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Sales of antibiotics for farm animals in Europe have fallen again, signifying a reduction of over a third between 2011 and 2018.

Sales of antibiotics for farm animals in Europe have fallen again, signifying a reduction of over a third between 2011 and 2018.

he UK retained its position as having the fifth lowest sales overall – some 71% lower than the EU average in terms of mg/PCU, a standardised unit of animal biomass, according to the European Surveillance of Veterinary Antimicrobial Consumption.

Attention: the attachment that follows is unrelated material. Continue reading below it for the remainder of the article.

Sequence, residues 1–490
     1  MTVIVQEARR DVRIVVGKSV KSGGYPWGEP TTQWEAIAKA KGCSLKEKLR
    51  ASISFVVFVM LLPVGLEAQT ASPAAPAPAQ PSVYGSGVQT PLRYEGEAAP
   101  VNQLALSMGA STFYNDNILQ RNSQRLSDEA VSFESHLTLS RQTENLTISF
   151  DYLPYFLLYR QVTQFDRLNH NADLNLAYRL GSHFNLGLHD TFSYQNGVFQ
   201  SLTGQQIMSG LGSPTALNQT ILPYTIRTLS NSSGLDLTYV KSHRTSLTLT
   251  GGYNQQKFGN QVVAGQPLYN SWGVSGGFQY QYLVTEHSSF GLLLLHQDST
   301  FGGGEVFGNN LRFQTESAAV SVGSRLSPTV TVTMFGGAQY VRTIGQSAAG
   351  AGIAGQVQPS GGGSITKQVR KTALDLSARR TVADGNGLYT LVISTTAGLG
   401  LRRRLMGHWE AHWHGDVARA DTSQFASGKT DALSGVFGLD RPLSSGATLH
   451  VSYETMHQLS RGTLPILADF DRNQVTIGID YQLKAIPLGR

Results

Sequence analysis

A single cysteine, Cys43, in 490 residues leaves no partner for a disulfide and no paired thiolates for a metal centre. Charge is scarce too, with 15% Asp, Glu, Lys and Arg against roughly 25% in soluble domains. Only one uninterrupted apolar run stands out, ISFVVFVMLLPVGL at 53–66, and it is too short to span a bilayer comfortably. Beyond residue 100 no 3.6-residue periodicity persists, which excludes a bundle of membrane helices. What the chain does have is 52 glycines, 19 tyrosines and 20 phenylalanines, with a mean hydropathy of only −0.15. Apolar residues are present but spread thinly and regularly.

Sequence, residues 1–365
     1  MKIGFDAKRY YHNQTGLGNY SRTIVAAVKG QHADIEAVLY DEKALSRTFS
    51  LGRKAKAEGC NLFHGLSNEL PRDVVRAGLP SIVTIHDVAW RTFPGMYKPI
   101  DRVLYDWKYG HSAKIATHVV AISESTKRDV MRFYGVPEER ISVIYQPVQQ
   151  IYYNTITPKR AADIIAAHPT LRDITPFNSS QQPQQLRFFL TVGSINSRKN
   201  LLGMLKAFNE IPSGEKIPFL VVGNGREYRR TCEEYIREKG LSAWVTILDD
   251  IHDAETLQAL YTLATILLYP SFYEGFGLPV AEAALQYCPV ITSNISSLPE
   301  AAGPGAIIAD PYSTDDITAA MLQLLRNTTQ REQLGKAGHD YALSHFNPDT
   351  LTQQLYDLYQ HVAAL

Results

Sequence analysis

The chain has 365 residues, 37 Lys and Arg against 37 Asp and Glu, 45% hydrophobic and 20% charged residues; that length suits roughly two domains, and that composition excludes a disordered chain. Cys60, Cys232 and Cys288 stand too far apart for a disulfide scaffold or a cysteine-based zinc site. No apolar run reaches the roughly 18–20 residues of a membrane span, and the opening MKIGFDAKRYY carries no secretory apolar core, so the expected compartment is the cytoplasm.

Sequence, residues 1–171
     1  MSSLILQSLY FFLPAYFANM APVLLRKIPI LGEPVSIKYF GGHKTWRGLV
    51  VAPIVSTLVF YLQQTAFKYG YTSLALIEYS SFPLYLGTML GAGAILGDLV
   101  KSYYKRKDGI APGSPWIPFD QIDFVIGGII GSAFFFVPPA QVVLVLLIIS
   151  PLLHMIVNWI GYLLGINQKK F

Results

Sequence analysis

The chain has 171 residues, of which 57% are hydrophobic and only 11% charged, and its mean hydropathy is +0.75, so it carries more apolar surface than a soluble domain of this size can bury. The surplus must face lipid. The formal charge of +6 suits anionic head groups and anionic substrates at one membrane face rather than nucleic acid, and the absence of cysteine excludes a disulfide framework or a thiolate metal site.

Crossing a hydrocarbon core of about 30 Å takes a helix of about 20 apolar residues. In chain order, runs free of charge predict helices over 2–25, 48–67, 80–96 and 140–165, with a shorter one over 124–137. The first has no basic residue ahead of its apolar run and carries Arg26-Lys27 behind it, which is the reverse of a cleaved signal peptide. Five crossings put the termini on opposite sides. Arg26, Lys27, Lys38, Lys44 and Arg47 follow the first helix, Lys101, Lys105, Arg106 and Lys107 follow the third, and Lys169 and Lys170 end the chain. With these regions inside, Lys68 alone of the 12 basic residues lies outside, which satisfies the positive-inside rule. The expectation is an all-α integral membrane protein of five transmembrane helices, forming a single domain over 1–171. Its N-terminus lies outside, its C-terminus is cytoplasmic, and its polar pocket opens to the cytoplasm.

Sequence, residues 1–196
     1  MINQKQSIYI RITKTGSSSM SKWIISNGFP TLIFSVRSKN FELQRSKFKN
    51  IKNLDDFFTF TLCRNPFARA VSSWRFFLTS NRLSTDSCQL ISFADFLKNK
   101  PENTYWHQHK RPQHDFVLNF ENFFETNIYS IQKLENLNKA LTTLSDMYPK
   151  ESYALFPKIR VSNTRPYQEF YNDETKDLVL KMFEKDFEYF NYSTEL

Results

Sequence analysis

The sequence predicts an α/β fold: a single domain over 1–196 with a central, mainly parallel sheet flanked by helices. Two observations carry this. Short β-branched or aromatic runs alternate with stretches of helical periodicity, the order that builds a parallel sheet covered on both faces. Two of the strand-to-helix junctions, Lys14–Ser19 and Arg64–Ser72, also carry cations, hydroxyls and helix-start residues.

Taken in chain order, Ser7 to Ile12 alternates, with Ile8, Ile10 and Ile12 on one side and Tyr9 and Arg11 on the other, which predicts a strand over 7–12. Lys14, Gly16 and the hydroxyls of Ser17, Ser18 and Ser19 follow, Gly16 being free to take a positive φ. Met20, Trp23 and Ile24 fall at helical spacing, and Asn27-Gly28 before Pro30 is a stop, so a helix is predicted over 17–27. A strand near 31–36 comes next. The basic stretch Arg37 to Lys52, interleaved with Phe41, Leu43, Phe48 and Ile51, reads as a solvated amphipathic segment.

Cat McLaughlin, who chairs the Responsible Use of Medicines in Agriculture Alliance, said it was good news that antibiotic use in European farm animals had fallen so significantly over the past seven years.

“It’s very positive to see this downward trend across almost all countries, not just in terms of total sales but also the highest priority antibiotics – third and fourth generation cephalosporins, fluoroquinolones and colistin,” she said.

“Any use of an antibiotic has the potential to create resistance and as part of a One Health approach, we all have a duty to protect the efficacy of medical and veterinary antibiotics by reducing, refining or replacing use.”